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3/18/2017
Invasive seeds found

KODIAK (AP) — A Kodiak farmer has discovered seeds from an invasive plant species prohibited in Alaska in a popular brand of poultry feed.

Bells Flats Poultry LLC owner Chris Ford discovered Cirsium arvense — also known as creeping or Canada thistle — seeds in Scratch and Peck brand feed, The Kodiak Daily Mirror reported Thursday.

"I was concerned about that because I know thistles can be invasive species," Ford said.

Ford said she has been buying the Scratch and Peck Feeds for a while and this is the first time she noticed the creeping thistle seed.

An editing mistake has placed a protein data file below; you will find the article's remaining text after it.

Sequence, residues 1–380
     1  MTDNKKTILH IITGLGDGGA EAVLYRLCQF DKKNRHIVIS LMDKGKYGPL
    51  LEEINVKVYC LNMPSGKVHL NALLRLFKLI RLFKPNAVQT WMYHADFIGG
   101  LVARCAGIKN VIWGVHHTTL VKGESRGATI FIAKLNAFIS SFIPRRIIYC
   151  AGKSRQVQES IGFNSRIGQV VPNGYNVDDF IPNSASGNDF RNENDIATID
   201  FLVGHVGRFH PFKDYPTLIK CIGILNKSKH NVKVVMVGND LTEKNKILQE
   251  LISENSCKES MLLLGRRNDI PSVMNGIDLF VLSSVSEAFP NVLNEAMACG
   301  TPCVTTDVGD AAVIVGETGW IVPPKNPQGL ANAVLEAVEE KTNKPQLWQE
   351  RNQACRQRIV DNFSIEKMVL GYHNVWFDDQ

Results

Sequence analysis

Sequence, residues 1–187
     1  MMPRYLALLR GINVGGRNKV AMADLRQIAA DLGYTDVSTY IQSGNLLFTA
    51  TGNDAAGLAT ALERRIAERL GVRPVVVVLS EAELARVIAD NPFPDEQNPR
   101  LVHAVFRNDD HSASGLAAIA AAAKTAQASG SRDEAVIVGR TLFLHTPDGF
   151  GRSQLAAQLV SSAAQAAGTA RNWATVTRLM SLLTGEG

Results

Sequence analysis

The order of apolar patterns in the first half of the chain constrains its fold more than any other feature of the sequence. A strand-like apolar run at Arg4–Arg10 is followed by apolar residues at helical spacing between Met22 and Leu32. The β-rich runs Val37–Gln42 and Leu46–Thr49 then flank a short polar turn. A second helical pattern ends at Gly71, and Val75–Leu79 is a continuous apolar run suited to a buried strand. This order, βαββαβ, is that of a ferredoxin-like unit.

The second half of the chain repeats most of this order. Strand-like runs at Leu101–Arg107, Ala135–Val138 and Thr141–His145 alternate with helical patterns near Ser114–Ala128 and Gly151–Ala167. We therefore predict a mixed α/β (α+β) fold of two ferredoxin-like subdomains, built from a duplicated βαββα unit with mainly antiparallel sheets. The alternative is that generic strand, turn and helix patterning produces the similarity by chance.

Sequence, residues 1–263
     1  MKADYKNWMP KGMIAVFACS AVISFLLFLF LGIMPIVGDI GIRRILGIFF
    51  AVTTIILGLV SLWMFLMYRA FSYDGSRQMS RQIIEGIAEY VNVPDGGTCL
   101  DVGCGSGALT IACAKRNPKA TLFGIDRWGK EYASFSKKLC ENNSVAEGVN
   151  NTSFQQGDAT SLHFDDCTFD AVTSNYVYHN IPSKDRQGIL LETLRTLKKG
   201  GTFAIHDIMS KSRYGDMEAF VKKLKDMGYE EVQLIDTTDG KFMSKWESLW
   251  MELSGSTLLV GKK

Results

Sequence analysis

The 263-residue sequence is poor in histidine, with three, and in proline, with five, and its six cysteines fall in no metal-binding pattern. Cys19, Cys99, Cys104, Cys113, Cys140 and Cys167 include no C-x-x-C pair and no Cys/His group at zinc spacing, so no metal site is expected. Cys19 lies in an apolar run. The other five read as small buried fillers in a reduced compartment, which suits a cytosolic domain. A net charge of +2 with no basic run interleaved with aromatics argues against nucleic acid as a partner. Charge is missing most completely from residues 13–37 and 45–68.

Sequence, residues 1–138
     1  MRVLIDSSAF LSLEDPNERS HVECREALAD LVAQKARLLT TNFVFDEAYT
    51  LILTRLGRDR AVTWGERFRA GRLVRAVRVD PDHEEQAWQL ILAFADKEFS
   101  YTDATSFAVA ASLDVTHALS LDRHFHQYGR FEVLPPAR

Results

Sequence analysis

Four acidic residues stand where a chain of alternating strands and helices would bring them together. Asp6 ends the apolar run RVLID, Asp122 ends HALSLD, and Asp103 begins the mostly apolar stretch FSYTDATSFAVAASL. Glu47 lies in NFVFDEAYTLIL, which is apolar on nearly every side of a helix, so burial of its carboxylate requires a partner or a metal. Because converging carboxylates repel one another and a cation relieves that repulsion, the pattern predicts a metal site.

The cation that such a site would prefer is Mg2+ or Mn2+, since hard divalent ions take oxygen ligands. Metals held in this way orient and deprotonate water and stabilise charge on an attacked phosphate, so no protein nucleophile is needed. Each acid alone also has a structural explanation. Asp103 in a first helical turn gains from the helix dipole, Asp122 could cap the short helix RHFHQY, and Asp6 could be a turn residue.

Ford contacted the Kodiak Soil and Water Conservation District that in turn contacted Heather Stewart, invasive plant and agricultural pest coordinator for the Alaska Division of Agriculture’s Plant Materials Center.

Stewart then purchased and tested whole-seed chicken seed products from many sources around the state. And found three other prohibited seeds: Galeopsis tetrahit, also known as hempnettle; Avena fatua, also known as wild oats; and Polygonum convolvulus, also known as wild buckwheat or black bindweed.

Stewart was not available for comment at press time.

The Alaska Division of Agriculture notified Scratch and Peck Feeds of the invasive species and stopped sale of three varieties of feed.